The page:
The final episode of Weird City season 1 is “Below”, starring Yvette Nicole Brown and Awkwafina as Glail and Charlotta, characters trapped on a Weird City television show and questioning their existence during their series finale. “Below” features some great meta for the show – there are numerous callbacks to previous episodes, down to the song titles from the fake band (“The Ballad of Dylan and Ed”? I need to hear that!) as well as television in general – before they realize they’re actors, Glail asks Charlotta why they keep explaining what they’re doing, as if they don’t already know.
I really loved “Below”, and I honestly would have liked to see more (it is the shortest episode with an 18-minute run time). It is one of the more Twilight Zone episodes, and it also does its job to a) set up a possible season 2 and b) confuse the hell out of you by offering a cliffhanger ending that doesn’t make any sense, especially given that this episode was set entirely within a TV show.
It’s obvious very early on that the weirdest thing about Weird City season 1 are the people, particularly the Haves. Yes, the situations are weird, but it’s mostly because this is a society that has developed a severe wealth imbalance as well as putting too much faith in their technology. Gently mocking both the absurdly rich and those who are desperate to be unique and original, each episode emphasizes the importance of understanding, empathy, and communication. This is never more clear than in “Chonathan & Mulia & Barsley & Phephanie”, where the main group treats everyone Below The Line as if they are animals in a zoo, are completely convinced they are in the right, and don’t talk about their relationship issues until they blow up at each other.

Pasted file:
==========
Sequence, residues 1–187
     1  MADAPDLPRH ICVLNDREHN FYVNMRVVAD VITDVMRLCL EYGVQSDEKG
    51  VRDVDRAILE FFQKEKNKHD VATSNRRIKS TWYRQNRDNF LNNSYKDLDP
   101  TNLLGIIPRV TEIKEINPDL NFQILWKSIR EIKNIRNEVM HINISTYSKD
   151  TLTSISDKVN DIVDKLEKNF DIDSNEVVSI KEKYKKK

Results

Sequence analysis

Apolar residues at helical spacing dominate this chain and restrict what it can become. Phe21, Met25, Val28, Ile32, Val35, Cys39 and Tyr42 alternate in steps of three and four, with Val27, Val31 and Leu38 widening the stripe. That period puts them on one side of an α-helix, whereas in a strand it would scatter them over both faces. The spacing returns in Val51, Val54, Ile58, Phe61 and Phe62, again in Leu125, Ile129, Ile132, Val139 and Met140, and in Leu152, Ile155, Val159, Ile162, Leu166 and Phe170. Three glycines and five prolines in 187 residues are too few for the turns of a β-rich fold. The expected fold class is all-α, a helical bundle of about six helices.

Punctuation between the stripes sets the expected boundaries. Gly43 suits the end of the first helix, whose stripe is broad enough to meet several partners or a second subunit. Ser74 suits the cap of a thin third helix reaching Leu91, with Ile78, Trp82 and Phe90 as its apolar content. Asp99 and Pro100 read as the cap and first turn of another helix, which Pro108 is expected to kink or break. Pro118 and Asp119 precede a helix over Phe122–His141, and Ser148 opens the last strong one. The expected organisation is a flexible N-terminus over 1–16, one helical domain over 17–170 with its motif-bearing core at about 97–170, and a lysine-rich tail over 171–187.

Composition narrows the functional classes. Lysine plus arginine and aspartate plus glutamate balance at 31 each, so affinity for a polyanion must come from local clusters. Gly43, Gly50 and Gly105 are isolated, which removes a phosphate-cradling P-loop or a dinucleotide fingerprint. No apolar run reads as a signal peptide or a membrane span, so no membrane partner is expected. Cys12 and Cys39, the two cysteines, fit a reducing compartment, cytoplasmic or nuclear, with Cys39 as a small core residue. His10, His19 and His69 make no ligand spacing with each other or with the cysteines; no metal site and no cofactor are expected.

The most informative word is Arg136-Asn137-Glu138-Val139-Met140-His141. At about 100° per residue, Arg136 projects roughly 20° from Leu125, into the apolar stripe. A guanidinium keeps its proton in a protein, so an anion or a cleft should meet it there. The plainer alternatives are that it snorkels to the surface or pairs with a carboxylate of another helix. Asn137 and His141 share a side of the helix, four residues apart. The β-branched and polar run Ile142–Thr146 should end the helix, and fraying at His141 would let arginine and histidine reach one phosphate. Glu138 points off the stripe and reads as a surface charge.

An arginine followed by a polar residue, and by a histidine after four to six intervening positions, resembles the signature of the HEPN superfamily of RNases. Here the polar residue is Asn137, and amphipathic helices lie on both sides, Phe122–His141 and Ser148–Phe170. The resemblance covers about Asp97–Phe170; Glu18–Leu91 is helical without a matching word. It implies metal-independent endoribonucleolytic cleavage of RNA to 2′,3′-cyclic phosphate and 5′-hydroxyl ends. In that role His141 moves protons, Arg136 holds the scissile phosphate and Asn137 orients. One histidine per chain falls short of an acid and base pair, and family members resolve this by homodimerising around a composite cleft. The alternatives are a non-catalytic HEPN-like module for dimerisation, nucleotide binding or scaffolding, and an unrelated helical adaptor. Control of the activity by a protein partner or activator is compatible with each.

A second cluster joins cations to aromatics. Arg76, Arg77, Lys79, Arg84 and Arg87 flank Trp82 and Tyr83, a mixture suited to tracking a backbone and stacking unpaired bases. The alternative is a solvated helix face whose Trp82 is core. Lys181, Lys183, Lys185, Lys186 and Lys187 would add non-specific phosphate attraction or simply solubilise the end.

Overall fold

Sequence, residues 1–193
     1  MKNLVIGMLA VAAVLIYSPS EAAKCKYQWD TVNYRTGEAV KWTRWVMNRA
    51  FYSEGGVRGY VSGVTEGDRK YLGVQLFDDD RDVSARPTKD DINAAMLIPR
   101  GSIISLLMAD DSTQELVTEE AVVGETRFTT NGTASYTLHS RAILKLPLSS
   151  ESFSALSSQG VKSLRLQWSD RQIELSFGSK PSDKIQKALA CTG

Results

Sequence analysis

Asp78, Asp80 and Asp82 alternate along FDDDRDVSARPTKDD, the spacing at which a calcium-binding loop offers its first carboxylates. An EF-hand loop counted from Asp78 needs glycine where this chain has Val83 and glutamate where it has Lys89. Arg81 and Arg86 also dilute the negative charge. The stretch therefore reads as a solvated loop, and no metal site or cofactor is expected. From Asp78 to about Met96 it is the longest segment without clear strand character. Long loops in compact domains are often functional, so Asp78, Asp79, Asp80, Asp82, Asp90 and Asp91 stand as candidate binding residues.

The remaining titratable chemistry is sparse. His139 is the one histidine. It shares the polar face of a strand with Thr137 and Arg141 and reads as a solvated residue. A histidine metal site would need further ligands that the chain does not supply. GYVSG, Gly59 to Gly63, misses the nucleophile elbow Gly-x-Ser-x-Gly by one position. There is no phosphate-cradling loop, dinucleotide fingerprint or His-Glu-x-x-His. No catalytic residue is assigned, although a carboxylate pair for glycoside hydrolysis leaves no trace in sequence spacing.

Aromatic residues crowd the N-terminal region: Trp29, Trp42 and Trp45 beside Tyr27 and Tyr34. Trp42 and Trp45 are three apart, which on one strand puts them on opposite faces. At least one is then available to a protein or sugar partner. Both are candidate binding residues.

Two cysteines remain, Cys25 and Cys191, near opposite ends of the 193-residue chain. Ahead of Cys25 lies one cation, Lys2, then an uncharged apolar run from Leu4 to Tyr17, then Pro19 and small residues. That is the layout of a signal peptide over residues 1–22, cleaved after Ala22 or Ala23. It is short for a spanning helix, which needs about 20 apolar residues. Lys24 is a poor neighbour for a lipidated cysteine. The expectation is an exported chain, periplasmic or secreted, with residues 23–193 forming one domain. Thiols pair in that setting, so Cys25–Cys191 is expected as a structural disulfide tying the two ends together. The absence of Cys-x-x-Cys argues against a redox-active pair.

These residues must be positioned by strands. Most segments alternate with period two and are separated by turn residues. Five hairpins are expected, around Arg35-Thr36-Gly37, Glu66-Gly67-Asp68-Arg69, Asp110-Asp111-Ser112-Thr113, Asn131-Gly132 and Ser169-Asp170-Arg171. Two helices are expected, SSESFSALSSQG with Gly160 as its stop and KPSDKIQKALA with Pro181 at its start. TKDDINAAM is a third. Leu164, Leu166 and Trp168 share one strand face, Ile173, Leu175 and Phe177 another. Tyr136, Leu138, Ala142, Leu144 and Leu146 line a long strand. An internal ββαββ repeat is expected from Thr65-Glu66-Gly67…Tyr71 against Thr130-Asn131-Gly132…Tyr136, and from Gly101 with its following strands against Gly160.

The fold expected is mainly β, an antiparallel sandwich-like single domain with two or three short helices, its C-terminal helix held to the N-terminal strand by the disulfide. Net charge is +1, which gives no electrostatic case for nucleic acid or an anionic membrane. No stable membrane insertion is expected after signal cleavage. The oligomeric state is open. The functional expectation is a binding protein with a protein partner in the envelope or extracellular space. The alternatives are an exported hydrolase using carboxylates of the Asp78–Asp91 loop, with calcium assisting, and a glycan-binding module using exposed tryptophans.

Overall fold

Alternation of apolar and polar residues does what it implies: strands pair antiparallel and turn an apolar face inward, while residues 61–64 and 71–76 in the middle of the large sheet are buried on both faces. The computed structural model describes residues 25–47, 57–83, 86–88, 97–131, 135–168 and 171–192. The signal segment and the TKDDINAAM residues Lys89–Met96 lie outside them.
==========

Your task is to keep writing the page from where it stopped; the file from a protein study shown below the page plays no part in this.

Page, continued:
Weird City season 1 is at times horrifying (the endings of “A Family” and “Go to College”), at times heartwarming (Stu and Burt finding love in unexpected places), and at all times hilarious. It’s intelligent and biting and full of stellar performances. I can see why so many celebrities wanted to be a part of this project. I legitimately enjoyed every episode, even the ones that creeped me out.
Weird City is currently streaming on YouTube Premium, but you can watch the first episode for free. (YouTube Premium also offers a one-month free trial for anyone who wants to binge the entire season.)
Author: Jamie Sugah
Jamie has a BA in English with a focus in creative writing from The Ohio State University. She self-published her first novel, The Perils of Long Hair on a Windy Day, which is available through Amazon. She is currently an archivist and lives in New York City with her demon ninja vampire cat. She covers television, books, movies, anime, and conventions in the NYC area.
Read our before commenting.
Do not copy our content in whole to other websites. Linkbacks are encouraged.
Copyright © The Geekiary